Can Yoga Heal a Broken Heart?

Published on October 19, 2014

Have you ever felt your blood pressure rise and breath quicken during times of acute stress? Have you ever trembled with excitement? If so, you know that trauma, emotions and memories can show up in our physical bodies in a variety of ways. Last week, I touched on the koshas, energetic layers that make up the body’s physical and subtle forms. From the perspective of the koshas, we know that what we feel emotionally effects us physically, whether the catalyst is considered positive (joy, excitement, laughter) or negative (grief, sadness, depression). But what to do we do when we experience something that feels nearly incurable, such as a broken heart?

This beautiful piece by a yogi who lost both her partner and mother within the same year provides a well-lit example of how a grieving heart can lead to physical distress. In this case, her heartache turned into an arrhythmia that could have required medication and surgery to cure. Rather than following the advice of her doctor, the author followed her physical and emotional intuition, and opted to turn to her yogic knowledge to heal her pain. Eventually, after a long period of committed, heart-centered yoga practice, the author’s heart issues resolved.

While I’m not advocating that we should ignore the advice of trusted medical professionals, this story suggests that yoga can be used as a tool for healing, especially when physical ailments have origins in emotional stressors. Western science has touted several recent studies proving that a regular yoga practice can lead to a slew of health benefits, including that yoga is good for your heart and that yoga improves mental stability. The reasons as to why hatha yoga is physically beneficial are clear: mild aerobic movement, gentle stretching, and slow, deep breathing offer physical benefits that tonify and support the heart’s functioning. However, we often overlook the fact that numerous emotional benefits reside here as well: in our yoga practice, we are led to quiet the mind, let go of our troubles and trade grief, loss and heartache for gratitude, kindness and compassion.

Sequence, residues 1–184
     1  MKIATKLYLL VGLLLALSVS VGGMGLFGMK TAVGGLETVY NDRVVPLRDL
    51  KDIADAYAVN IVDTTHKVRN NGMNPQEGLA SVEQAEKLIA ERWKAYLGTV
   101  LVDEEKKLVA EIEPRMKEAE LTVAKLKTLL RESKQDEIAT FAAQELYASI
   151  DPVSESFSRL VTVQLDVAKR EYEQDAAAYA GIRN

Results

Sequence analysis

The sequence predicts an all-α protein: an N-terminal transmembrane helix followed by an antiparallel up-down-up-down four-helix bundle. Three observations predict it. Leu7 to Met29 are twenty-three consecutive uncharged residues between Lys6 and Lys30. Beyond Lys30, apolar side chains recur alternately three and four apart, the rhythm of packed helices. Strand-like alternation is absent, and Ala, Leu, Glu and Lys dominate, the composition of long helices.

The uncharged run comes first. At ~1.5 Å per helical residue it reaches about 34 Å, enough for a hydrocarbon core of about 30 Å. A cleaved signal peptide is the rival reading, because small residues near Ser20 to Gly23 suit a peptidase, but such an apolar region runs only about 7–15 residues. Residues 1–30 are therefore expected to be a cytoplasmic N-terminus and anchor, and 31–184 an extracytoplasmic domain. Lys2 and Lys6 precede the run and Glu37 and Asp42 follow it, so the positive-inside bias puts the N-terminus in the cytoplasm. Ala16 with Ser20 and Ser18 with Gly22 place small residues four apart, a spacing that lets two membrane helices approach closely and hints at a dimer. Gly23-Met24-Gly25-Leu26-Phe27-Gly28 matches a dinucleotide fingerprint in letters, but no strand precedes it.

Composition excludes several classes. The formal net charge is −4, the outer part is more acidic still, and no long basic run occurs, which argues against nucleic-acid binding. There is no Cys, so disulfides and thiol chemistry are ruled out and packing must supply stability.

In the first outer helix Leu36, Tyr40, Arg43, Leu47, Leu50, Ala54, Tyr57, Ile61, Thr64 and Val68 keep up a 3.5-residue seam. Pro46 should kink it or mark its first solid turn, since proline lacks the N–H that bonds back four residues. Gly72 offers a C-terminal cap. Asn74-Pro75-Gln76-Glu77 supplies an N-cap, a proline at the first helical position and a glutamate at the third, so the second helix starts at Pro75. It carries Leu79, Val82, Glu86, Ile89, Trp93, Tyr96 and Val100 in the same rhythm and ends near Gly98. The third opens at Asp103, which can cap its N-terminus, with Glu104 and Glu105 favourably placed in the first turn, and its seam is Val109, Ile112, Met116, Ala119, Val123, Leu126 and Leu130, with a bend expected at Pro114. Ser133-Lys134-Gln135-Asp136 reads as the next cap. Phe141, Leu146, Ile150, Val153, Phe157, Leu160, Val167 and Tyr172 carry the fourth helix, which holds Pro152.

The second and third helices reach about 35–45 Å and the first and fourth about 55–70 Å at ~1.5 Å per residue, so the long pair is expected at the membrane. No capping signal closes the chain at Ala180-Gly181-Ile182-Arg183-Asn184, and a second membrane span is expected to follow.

Like many lessons of yoga, we can view the breath and postures as barometers that reflect the states of our physical and emotional bodies. When we suppress grief or feel protective of our hearts due to trauma, our physiological state is also affected: our breath shortens, becomes shallow or gets ‘stuck’ and staccato-like. Our posture may subconsciously shift from an open-hearted stance to one that is hunched and protective, closed off from the interactions of the world.

These bodily reactions to heartache are normal and sometimes even necessary when someone is in the deepest midst of struggle and loss. However, when you are ready to begin the work of healing, a committed yoga practice can be instrumental in releasing these holding patterns. Simple breathing and gentle movements may not sound revolutionary, but they are often profound starting points for transformation personal and liberation.

The first thing that often occurs when stepping onto a yogic path is an increased body and breath awareness that helps to shed emotional weight. Yoga begins to quietly bring to light unconscious holding patterns that resulted from your emotional injury. During a conscious asana practice, the body moves in ways that facilitate a balanced emotional state and opening of the heart. Calling in an intention for your practice is also a powerful way to help heal a broken heart or address a health concern. To do this, ask, “What does your heart need to feel at peace?” Whether it needs forgiveness, acceptance, self-love or courage, yoga can lead the way.

In what ways has yoga helped you transition from heartache to healing?

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Megan de Matteo Avatar
About the author
Megan is a wide-eyed student of curiosity and beauty who discovered in the summer of 2010 that this makes her a yogi. She has since used the teachings of yoga to travel both far and near, volunteering with AmeriCorps along the way. She is passionate about empowerment, conversation and connection; these are her Yoga Sutras. In 2012 she graduated from the Vira Bhava Yoga Teacher Training at the Glowing Body Yoga Studio in Knoxville, TN. She also holds a degree in Spanish, and considers language a living meditation with sound and spirit.
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